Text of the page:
The rest all hover around the 68% mark (for every test there is .68 of a debutant….or whatever..). MacQueen had some pretty solid talent already before bringing in some bit part players, still crucial to his success, such as Jeremy Paul, Nathan Grey, Mark Connors, Rod Kafer, Elton Flatley and Tom Bowman. After winning a World Cup he also gave some young tyros their first start in George Smith, Phil Waugh and Stirling Mortlock.
Eddie’s rookie stats are of similar regularity, but perhaps a little more quirky. He was the first to really get behind the leaguie poaching strategy with Wendell Sailor, Matt Rogers and Lote Tuqiri. Jones also picked Stephen Hoiles, Matt Giteau and Tatafu Polota-Nau from relative obscurity to tour with the Wallabies with limited other top level footy experience.
Connolly’s short reign saw a lower rookie rate, which is to be expected, but the strategy was clear. Fix the scrum and forward dominance – which was contrary somewhat to how Eddie wanted his pack to play. Rodney Blake, Tai McIsaacs, Guy Shepherdson and Benn Robinson were all given a shot that first year, as was the Kefu-like Wycliff Palu.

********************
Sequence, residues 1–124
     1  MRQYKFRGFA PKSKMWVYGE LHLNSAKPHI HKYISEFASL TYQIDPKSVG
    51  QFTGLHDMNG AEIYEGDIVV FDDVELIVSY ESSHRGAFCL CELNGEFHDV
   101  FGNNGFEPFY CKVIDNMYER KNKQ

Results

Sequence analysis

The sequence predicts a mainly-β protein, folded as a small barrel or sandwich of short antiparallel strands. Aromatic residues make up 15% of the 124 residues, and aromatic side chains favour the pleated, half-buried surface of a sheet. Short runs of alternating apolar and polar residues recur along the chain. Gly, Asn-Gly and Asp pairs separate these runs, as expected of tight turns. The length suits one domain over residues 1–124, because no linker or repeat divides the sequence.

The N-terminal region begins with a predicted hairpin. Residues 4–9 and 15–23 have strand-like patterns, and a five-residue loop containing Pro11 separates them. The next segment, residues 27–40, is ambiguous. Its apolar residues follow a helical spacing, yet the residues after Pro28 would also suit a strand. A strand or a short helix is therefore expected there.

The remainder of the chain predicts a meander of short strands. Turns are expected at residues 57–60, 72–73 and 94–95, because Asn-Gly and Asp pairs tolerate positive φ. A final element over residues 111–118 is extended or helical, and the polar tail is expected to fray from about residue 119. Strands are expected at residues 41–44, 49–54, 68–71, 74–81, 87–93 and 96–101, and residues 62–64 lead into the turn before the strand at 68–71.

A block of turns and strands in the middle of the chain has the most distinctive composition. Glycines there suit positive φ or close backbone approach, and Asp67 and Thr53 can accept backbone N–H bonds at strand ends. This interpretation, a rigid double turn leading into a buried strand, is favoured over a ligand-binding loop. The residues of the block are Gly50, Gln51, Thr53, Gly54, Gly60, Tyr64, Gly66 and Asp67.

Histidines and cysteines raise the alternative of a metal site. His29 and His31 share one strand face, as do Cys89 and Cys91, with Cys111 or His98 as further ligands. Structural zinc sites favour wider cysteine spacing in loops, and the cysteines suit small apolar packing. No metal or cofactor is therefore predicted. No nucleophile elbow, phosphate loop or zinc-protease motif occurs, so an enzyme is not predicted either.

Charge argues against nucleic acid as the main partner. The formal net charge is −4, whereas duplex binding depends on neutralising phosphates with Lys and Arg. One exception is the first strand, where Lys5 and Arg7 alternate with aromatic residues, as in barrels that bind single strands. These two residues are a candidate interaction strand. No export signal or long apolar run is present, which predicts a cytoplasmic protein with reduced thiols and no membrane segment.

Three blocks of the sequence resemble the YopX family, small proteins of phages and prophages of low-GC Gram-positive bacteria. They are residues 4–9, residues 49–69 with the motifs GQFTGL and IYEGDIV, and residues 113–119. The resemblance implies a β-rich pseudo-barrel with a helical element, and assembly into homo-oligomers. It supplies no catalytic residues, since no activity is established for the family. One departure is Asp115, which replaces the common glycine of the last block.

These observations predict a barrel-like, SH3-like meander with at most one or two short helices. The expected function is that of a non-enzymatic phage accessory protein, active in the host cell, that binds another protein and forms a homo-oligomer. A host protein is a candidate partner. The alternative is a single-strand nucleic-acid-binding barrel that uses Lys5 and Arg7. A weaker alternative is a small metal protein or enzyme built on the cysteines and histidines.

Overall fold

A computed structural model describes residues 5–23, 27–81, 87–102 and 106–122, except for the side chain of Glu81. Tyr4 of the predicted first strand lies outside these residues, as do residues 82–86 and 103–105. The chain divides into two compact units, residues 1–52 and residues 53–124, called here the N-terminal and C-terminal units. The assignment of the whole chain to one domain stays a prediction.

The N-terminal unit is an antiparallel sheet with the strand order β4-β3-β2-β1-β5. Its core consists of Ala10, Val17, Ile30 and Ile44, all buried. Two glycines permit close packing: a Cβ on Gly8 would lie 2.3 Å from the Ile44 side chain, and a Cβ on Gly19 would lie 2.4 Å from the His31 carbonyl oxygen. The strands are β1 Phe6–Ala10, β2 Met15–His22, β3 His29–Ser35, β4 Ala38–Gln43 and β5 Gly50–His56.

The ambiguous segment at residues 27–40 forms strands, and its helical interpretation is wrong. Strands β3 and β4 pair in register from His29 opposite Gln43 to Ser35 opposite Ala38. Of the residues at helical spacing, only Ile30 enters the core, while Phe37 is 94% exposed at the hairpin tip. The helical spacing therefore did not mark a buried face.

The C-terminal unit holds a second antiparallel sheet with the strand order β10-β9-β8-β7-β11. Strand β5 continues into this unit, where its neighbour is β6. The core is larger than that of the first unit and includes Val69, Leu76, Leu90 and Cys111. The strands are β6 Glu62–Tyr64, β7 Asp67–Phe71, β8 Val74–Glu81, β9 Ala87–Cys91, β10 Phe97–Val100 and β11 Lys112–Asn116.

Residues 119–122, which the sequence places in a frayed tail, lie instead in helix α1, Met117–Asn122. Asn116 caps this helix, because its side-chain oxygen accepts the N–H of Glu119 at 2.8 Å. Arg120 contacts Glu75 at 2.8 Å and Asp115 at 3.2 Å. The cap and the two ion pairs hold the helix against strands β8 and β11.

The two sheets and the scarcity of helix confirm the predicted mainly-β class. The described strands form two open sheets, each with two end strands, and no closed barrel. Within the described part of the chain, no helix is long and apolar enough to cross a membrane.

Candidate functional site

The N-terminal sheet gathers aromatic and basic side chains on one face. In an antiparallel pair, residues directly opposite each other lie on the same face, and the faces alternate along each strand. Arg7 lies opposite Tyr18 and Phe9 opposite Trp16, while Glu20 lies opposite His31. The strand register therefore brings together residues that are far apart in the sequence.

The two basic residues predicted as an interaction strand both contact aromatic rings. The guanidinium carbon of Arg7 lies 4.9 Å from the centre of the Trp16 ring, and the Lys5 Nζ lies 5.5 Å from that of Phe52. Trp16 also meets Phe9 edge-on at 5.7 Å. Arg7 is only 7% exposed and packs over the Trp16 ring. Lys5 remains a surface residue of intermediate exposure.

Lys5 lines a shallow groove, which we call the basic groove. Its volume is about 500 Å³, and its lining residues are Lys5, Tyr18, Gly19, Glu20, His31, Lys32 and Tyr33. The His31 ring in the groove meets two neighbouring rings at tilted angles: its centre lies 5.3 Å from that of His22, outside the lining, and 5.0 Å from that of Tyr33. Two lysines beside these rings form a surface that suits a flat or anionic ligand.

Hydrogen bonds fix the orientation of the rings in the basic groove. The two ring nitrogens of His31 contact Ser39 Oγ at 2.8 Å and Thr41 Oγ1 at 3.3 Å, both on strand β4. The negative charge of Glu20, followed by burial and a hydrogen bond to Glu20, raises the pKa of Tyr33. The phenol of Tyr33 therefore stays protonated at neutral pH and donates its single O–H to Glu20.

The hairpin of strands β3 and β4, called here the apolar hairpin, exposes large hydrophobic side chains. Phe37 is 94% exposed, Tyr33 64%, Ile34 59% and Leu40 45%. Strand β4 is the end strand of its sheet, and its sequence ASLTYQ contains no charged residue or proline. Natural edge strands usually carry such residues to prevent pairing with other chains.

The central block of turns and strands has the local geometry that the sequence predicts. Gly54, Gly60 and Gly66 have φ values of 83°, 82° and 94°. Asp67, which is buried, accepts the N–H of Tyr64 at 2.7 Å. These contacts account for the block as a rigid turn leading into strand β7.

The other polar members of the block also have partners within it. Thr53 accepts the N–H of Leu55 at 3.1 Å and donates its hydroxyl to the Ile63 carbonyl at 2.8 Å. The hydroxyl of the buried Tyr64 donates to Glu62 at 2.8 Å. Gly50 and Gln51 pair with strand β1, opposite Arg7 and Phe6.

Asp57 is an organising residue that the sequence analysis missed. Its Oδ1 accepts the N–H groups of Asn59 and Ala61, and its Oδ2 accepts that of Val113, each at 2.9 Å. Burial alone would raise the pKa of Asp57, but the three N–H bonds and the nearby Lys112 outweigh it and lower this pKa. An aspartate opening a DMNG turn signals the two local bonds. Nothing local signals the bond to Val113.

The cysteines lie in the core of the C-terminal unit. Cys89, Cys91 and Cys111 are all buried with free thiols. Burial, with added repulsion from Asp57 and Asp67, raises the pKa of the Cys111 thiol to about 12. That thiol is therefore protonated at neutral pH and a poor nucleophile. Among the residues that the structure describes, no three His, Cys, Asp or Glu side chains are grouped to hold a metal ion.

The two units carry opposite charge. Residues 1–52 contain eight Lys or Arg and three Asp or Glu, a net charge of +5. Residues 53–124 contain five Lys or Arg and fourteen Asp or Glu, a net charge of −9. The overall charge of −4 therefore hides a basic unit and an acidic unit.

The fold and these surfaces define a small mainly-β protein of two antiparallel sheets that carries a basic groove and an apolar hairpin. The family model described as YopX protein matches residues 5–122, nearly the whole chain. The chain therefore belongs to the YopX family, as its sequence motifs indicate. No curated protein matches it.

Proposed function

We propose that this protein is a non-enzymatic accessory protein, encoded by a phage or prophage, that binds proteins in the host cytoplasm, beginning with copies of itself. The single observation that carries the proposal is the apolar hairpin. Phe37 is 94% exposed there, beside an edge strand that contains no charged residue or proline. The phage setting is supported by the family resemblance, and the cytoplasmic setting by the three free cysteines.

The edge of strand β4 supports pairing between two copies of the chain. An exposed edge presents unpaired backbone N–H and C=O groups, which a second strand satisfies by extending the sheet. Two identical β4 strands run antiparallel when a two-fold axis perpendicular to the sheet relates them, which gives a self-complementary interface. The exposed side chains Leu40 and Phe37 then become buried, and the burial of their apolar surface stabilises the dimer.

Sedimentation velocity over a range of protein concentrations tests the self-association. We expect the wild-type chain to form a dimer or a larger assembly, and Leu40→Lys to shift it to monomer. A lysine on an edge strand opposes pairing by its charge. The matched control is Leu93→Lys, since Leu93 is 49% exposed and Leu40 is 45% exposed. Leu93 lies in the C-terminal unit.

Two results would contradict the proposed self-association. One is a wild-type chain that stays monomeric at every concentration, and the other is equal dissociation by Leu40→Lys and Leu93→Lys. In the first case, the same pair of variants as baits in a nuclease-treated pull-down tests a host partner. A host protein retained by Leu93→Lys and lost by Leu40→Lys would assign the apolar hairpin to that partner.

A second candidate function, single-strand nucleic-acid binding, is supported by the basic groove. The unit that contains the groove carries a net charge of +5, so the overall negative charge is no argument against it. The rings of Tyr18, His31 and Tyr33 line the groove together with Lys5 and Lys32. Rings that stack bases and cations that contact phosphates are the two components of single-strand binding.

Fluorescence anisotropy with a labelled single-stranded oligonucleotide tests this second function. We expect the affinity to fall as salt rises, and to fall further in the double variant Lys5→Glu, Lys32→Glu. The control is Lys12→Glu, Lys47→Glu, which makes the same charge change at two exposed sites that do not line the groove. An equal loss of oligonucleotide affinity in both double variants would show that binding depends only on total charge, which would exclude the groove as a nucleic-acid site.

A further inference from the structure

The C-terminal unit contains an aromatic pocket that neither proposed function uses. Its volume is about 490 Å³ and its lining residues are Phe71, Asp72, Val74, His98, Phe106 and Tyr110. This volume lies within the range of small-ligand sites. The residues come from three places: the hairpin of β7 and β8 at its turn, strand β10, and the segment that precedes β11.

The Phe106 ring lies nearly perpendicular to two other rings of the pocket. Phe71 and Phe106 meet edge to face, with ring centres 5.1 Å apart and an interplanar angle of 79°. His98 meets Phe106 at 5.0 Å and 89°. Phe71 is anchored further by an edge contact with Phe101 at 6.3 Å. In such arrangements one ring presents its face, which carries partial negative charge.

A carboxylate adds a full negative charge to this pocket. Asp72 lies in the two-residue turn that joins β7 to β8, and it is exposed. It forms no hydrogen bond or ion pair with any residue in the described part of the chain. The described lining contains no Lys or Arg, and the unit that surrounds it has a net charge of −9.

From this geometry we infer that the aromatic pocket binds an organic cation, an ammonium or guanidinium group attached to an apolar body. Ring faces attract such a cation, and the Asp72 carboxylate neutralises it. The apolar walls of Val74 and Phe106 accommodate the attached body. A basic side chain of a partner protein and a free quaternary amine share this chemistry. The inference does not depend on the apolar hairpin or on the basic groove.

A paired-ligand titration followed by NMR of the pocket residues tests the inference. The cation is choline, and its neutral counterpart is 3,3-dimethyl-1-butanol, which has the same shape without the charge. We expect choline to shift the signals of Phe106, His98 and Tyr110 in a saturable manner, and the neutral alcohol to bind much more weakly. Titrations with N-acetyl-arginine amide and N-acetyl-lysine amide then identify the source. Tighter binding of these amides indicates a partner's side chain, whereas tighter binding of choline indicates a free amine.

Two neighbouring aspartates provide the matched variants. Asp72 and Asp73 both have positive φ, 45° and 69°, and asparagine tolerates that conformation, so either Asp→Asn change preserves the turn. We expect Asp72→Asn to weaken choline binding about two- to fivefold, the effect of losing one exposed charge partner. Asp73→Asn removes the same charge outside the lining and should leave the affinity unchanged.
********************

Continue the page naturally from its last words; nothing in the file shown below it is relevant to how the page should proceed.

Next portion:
Deans’ debuted players at a similar rate to McQueen and Eddie but, after a flirtation with leaguies (Ryan Cross and Timana Tahu anyone?) he started to focus on youth. Quade Cooper, James O’Connor, David Pocock, Kurtley Beale were all thrown into the test ring as teenagers. James Slipper followed soon after at just 21 – rare for a prop. Deans did have some making up to do considering he had lost Larkham, Gregan and Latham to retirement the year before he started.
McKenzie’s rate was similar to the others, with a strong Brumbie focus early on (he threw debuts to Matt Toomua, Scott Sio, Scott Fardy, Nick White and Tevita Kuridrani in his first test). He also gave Bernard Foley his first test cap and saw some early potential in Will Skelton.